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Loan Amortization Table

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Is a Loan Amortization Table Really Useful?
If you're using a loan amortization table to get full disclosure, probably you're not getting the whole answer you're looking for.  When someone closes on a loan there are other factors such as closing costs that could negate the effects of a lower interest rate on a mortgage you may be closing on.  For instance, some mortgages have high points, such as three or four points.  
What is a point?
A point is a service charge lenders charger you for the sheer pleasure of letting you do business with them.  A point is 1%.  On a $200,000 mortgage, four points would cost you $8,000 at closing.  This is before any legal fees or application fees are charged.   So, in this case, it could be that a higher interest rate mortgage with no points would be more cost-effective.
Comparing two different mortgages
Let's take this example.  You're buying a house and have a strong feeling that you will be moving within five years.  You're offered one mortgage, which is a 7.5% mortgage.  It is for 30 years, $200,000 and it is zero a point mortgage.  Someone else offer you a mortgage that has a 7% interest rate.  It is also a $200,000 mortgage for 30 years, but it costs 4 points at closing.
With the 7.5% mortgage after five years you will have paid $73,140.67 in interest charges.  On the 7% mortgage you would have paid 68,099.18 over the five-year period in interest.  However with the 7% mortgage you would have paid 4 points at closing or $8000.  Usually this $8000 is added time to the mortgages principal.  In this case, the higher interest rate mortgage would be the better deal for you.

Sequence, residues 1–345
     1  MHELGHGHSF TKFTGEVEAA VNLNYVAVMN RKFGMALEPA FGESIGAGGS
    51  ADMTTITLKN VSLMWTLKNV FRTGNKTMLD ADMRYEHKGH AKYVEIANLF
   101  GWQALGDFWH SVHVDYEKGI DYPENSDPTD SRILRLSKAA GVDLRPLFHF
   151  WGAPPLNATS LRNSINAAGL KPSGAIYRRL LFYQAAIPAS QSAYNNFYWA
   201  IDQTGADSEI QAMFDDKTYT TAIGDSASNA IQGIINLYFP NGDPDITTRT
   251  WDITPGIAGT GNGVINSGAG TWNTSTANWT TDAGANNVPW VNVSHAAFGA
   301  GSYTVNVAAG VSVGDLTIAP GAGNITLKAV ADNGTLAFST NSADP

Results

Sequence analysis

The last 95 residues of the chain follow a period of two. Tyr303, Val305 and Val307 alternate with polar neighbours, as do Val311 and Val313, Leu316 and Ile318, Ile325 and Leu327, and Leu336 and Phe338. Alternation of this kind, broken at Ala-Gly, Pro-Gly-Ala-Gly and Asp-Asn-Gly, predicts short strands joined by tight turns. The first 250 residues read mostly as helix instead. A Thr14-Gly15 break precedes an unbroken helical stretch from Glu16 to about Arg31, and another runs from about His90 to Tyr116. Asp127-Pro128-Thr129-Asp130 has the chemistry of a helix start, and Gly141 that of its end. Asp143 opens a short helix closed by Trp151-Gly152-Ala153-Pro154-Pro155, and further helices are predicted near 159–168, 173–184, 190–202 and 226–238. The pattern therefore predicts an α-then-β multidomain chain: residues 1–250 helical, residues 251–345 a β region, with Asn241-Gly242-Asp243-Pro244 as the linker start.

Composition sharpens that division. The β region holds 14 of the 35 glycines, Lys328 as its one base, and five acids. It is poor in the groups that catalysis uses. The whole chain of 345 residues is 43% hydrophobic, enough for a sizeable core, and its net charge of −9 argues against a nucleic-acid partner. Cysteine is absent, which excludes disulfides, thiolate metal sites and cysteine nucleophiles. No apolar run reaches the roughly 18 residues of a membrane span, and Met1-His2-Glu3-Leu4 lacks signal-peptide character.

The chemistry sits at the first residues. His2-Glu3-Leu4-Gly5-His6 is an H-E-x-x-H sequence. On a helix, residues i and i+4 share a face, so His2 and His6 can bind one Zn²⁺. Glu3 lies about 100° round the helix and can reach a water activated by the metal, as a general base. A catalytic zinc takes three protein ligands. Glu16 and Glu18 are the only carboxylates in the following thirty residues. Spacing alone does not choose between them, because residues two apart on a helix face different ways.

On the other hand, what about if you held the mortgage all the way until the end of its term and then made the final payment?  With the 7.5% mortgage you would have paid $303,43.82!  Wow!  However, with the 7% mortgage you would have paid a mere $279,016.02 in interest charges.  Clearly the play here would have been to take the lower rate mortgage and pay the extra points.
So you see, the how long you hold the mortgage is an important matter when choosing which is a better mortgage for your needs.  As usual, how well you can predict the future determines how well you do in your finances.
A loan amortization table is helpful
The amortization table was helpful because it showed you how much interest you would be paying with each mortgage over five years and at the end of the mortgage's term.  However, to get the whole picture you would have to know what the closing costs were.
You can see that a loan amortization table can be helpful, but when making up your mind which mortgage is better, you have to have more information than a loan amortization table will give you.
Remember, before closing on a mortgage, always be sure how many points, if any, you will be paying.  Also, find out if you can mortgage the points, or if you have to pay them out your pocket at closing.  Then, take a good guess as to how long you will own your new home.  It is only after you have all the information you can make an educated decision on what is the best mortgage for you.